• Photo identification (passport or state driver’s license)
  • Certified copies of the birth certificates of both parties
  • Proof of unmarried status (death certificate of previous spouse or divorce decree)
  • Parental consent if underage (usually under 18); you may also need to have parents physically present if underaged
  • Social security number, green card or other forms of identification

Can Two Foreigners Marry In the U.S.?

As mentioned above, any couple, regardless of whether they're U.S. citizens or non-citizens without legal status, can get married in the U.S. as long as they meet the following basic requirements:

  • Be of legal age
  • Can prove they are single
  • Present documents that can prove their identity
  • Pay the corresponding fees and/or charges

However, some states may ask for additional requirements. One of the most common is being able to provide a certified translation of the required documents of both parties if they are in a language other than English. 

How To Have a Legal Religious Marriage Ceremony in the U.S.

Article Image

If a couple wishes to legally marry through a religious ceremony, they must comply with the specific requirements of their preferred religion. In the Catholic faith (one of the most widely practiced religions in the Hispanic community), the religious marriage requirements are:

Required marriage documents

If a couple wishes to marry in the Catholic Church in the United States, they need to present specific documentation about their upcoming marriage and history with the church. The couple must present the following records at least four months in advance of their ceremony (with the exception of the marriage license which will be provided as per state guidelines):

  • Baptismal certificates for each person
  • A civil marriage license
  • Two witnesses
  • The name of the church where the couple wants to get married
  • The name of the priest performing the ceremony
  • A letter stating if the marriage ceremony will include mass or not
  • Proof that both parties have attended an approved marriage preparation program

Keep in mind: If one of the marrying parties does not have an official baptismal certificate, whether they belong to another religion or don't profess any,  the Catholic Church will allow the marriage if they request a disparity of worship (also known as the disparity of cult).

Premarital course

Some churches require that the couple attend an approved marriage preparation program. However, this requirement is not mandatory in all churches, so the couple needs to ask if they should attend one before deciding on the church. The duration of this course can vary  from days to weeks and even months depending on the church.

Wedding mass (liturgy)

To officiate the wedding, the couple must decide between two wedding options:

  • Nuptial mass: This can only be officiated by a priest of the Catholic Church and both parties must be baptized under that faith.
  • Matrimony without mass: This wedding can be officiated by a priest or a deacon and one of the contracting parties can be of another religion or not profess any faith.


In order for the marriage to be valid, the couple must present four witnesses, two for the marriage ceremony and the other two for the religious ceremony. The witnesses must: 

  • Be of legal age
  • Not be relatives of either marrying parties
  • Be people who know the couple well

Public announcement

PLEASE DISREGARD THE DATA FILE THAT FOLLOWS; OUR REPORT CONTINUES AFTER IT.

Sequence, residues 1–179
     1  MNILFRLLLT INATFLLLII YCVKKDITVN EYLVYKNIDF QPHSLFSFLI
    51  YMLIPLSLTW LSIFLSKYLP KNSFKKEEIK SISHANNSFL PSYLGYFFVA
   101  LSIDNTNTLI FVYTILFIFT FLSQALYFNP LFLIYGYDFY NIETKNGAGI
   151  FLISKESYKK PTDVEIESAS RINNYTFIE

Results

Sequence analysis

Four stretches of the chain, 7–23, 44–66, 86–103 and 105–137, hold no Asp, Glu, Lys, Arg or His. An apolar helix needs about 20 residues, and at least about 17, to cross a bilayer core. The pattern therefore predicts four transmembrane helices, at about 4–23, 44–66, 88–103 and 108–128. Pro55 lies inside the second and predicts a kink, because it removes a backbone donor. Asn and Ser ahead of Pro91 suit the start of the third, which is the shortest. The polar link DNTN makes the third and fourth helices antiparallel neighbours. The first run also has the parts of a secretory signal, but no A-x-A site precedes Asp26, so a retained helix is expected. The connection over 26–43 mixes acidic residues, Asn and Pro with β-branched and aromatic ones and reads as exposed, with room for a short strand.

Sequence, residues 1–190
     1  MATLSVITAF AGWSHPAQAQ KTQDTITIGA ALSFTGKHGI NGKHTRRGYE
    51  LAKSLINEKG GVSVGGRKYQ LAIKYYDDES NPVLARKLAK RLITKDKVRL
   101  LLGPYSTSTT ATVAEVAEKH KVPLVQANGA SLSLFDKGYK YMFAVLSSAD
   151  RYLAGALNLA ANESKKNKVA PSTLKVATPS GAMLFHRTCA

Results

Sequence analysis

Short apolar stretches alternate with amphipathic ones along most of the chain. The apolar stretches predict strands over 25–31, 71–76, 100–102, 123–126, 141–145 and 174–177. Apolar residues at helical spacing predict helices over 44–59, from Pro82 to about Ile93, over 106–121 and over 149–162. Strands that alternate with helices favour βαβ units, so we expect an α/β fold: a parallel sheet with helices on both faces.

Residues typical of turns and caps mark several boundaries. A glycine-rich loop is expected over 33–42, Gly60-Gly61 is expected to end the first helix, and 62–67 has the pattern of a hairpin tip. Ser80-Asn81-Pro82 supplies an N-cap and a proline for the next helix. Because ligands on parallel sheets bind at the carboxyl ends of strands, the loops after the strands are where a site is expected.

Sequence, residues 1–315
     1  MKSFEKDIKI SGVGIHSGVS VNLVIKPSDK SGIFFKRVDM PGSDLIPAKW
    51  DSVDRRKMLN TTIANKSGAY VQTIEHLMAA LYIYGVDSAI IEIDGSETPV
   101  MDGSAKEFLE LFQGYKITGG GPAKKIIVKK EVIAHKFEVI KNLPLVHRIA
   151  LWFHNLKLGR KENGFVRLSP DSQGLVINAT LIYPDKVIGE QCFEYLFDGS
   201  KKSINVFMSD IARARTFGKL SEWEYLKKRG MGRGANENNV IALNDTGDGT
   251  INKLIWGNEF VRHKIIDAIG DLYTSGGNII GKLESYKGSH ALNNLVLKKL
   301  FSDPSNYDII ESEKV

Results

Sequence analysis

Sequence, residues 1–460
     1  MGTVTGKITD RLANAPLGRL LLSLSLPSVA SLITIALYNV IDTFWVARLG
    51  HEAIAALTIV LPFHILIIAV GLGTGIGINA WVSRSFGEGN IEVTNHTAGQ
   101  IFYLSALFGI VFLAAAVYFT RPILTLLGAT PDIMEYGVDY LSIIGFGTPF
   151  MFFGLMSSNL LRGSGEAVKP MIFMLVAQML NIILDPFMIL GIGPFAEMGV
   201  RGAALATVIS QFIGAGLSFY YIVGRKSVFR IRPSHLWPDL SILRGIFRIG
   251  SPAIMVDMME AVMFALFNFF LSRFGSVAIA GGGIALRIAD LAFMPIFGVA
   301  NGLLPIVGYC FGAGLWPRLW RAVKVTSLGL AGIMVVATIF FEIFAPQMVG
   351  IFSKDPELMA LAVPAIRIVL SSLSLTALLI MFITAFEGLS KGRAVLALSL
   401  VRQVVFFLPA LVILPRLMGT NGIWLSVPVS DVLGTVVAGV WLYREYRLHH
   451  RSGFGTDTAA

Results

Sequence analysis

The Catholic Church requires that the marrying couple publicly announces their union. Usually, upcoming wedding announcements are published in the church’s bulletin.

Marriage consent

The couple’s mutual consent to marry is fulfilled during the ceremony when they exchange their vows. After the couple is blessed by the priest, they consent to the marriage stating the common phrase: "I __ receive you __ as my spouse, and promise to be faithful to you in prosperity and adversity, in sickness and in health, loving and respecting you throughout my life."

The signing of the marriage certificate

The signing of the marriage certificate before the church is the most important requirement as it legally validates the union of the couple. The marriage certificate must be signed by both parties, two of their witnesses, and it must bear the name of the archdiocese where the wedding took place.

Frequently Asked Questions

Still have questions? We have answers! Here are some of the most frequently asked questions the SABEResPODER team has received about getting married in the United States: 

How much does a civil wedding cost in the United States?

As we previously mentioned, the price of a marriage license can range anywhere between $5 to $120 and can differ depending on the state the marriage will take place. The average price for a wedding ceremony and reception is about $25,000 on average. However, the actual cost of your own wedding can vary depending on the type of ceremony you and your partner wish to have and how many guests you will want to invite.

Can I get married if I'm divorced?

Yes, any divorced person can get married in the United States if they present their divorce decree at their local public records office.

Does the marriage license expire?

Yes, the marriage license has an expiration date, however, it can differ from state to state. If the marriage license expires because the couple has decided to postpone their wedding, they can easily apply for a new license when they're ready to take the big step. 

Wishing You Joy, Love, and Happiness

A toast to the happy couple! While we understand that getting married in the United States may seem confusing, we hope that this guide has served you and your partner in preparing for the big day. From all of us at the SABEResPODER team, we hope that you have an unforgettable wedding and that your marriage is full of joy, love, and happiness!